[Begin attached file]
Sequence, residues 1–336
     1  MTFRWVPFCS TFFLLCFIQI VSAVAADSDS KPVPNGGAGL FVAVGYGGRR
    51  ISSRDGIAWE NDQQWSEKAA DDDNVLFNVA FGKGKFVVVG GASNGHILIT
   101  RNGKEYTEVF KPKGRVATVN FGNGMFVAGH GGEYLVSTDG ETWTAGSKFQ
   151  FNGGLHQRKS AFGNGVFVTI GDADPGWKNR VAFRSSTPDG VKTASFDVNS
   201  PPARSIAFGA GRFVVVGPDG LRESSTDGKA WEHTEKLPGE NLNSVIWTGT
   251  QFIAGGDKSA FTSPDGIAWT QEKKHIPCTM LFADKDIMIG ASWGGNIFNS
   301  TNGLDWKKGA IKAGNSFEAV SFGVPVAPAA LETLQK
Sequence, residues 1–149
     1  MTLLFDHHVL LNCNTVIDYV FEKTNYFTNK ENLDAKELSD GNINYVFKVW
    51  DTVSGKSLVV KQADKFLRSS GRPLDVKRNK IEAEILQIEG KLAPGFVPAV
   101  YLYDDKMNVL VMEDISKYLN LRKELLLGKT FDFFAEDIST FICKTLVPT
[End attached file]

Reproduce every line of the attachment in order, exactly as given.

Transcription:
Sequence, residues 1–336
     1  MTFRWVPFCS TFFLLCFIQI VSAVAADSDS KPVPNGGAGL FVAVGYGGRR
    51  ISSRDGIAWE NDQQWSEKAA DDDNVLFNVA FGKGKFVVVG GASNGHILIT
   101  RNGKEYTEVF KPKGRVATVN FGNGMFVAGH GGEYLVSTDG ETWTAGSKFQ
   151  FNGGLHQRKS AFGNGVFVTI GDADPGWKNR VAFRSSTPDG VKTASFDVNS
   201  PPARSIAFGA GRFVVVGPDG LRESSTDGKA WEHTEKLPGE NLNSVIWTGT
   251  QFIAGGDKSA FTSPDGIAWT QEKKHIPCTM LFADKDIMIG ASWGGNIFNS
   301  TNGLDWKKGA IKAGNSFEAV SFGVPVAPAA LETLQK
Sequence, residues 1–149
     1  MTLLFDHHVL LNCNTVIDYV FEKTNYFTNK ENLDAKELSD GNINYVFKVW
    51  DTVSGKSLVV KQADKFLRSS GRPLDVKRNK IEAEILQIEG KLAPGFVPAV
   101  YLYDDKMNVL VMEDISKYLN LRKELLLGKT FDFFAEDIST FICKTLVPT